Jasmina and her mother are working with DKMS, the world's largest marrow donor center, to enlist donors from the general population at upcoming events in New York, Boston, Oakland and Dallas. They are targeting African Americans whose HLA types can help Jasmina, but recruitment is difficult.
"There are several reasons why [minorities] don't donate: distress in the health care system, fear of the actual procedure and not enough education about being a donor," said Katharina Harf, co-founder of Germany-based DKMS.
The organization, which has 1.8 million donors worldwide, has set up offices in the United States to recruit more minority donors, particularly those who are Hispanic.
In reality, becoming a bone marrow donor is simple: genetic typing is done with just a swab inside the cheek. The information is placed in a computerized national data bank where doctors can look for a patient match.
Donating a bone marrow is not complicated or painful. In most cases, stem cells are collected from donor blood; 20 to 30 percent of the time, bone marrow is withdrawn from the hip, not spine, in an out-patient procedure done under anesthesia.
"We could be lucky if we found one match in 20,000, and if we're not lucky, a rare type might be one in several million," Harf told ABCNews.com.
Since the celebrity-driven campaign began, Jasmina's cause has attracted 7,000 African- Americans to register as donors, some of whom might eventually be a match after more testing. These donors could also potentially help other African Americans.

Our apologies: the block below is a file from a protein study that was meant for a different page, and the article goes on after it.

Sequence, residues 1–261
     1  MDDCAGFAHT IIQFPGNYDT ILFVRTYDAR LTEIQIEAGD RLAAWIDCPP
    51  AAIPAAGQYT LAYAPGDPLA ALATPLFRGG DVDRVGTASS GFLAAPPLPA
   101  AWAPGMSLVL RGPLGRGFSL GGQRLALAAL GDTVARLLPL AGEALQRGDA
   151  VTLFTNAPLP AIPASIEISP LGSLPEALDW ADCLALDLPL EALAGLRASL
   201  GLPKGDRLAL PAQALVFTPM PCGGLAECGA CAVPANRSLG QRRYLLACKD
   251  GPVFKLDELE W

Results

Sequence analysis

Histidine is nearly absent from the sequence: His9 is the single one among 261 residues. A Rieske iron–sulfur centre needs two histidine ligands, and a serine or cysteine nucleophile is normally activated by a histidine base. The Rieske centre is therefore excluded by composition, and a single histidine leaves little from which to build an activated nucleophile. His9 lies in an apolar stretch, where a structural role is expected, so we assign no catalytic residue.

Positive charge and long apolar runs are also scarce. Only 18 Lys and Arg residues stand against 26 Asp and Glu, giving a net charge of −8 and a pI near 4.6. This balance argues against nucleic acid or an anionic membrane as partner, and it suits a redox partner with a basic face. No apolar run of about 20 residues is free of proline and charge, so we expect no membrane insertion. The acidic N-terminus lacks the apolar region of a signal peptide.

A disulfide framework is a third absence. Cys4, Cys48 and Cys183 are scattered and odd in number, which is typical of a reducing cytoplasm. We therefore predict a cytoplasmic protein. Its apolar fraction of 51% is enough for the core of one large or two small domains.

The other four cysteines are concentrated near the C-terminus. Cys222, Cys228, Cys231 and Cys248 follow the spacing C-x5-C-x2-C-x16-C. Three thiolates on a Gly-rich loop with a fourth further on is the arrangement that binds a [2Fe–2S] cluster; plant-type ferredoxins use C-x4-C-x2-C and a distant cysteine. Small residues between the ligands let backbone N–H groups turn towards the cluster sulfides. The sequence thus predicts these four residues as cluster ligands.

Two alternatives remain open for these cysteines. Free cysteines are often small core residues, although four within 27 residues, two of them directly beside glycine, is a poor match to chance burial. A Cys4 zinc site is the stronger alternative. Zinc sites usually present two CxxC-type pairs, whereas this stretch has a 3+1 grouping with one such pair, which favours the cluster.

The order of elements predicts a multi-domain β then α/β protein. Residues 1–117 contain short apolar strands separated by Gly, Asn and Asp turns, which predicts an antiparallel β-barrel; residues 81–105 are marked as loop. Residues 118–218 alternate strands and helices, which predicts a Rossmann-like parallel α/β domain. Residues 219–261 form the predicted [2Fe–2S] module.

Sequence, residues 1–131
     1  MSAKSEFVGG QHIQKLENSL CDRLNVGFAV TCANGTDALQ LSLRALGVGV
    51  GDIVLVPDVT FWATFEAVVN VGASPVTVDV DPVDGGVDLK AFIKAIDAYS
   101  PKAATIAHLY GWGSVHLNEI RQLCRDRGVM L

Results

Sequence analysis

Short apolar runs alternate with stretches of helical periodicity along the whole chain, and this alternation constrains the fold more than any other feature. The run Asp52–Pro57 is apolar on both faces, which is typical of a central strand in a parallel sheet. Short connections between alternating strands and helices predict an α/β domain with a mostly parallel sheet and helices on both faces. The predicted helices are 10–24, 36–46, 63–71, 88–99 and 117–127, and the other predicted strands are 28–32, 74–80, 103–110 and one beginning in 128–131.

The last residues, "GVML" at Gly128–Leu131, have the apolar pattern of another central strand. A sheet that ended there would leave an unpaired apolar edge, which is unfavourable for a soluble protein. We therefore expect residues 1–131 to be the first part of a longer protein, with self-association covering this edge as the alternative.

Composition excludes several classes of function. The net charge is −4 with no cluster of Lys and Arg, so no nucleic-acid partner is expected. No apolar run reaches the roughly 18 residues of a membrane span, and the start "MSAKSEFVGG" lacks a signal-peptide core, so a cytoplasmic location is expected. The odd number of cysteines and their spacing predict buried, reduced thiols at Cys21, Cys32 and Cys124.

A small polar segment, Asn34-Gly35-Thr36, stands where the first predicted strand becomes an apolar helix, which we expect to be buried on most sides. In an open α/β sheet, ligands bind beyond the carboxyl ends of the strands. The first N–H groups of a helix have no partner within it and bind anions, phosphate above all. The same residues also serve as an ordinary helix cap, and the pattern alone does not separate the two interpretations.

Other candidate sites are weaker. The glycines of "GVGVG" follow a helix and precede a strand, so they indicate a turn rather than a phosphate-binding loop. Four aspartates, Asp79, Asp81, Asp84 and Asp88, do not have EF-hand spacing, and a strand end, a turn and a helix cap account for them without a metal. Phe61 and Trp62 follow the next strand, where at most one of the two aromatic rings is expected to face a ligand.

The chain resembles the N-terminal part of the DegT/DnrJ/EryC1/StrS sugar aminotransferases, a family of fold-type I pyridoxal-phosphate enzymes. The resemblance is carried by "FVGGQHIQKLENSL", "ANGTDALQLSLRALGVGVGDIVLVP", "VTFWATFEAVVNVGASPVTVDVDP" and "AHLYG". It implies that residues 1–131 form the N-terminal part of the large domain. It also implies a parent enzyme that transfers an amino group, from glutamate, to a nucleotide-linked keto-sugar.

DKMS helped to create the video, "ONE For Jasmina," which initially caught the attention of Rihanna. The video is narrated by the girl's best friend, Isabelle Huurman, whose father, like Jasmina's mother, is from The Netherlands.
The girls -- both African Americans with white families --- have been friends since they were 2 years old. Their mothers met at a party and discovered they had adopted daughters, four months apart, from the same agency. They learned Chinese at the same pre-school and both speak Dutch.
Anema, who is a fashion designer and single mother, adopted Jasmina when the girl was 3 days old. The child's racial make-up is three-quarters black and one-quarter Cherokee Indian and Caucasian.
Jasmina has always been a healthy child until Jan. 20, when her mother took her to the doctor for what seemed a minor infection on her foot. "It looked like a bug bite, which is rare in the winter," said Anema. "It started swelling and itching and so I went by the pediatrician."
The doctor felt an enlarged spleen and liver and did a blood test. When she found Jasmina's white blood cell count was high, she sent her directly to the hospital. "She said hop in the taxi right now and go there," said Anema.
Mother and daughter have lived at the hospital ever since. Chemotherapy treatments have caused Jasmina to develop painful mouth sores. She wears a cap-like wig with long braids to compensate for the hair that has fallen out.
"You just live in surreal world, saying to yourself, 'This is not happening,' she said. "But it's not difficult just for me, it's difficult for a lot of people," said Anema, who hopes to raise awareness to help all ethnic groups find bone marrow matches.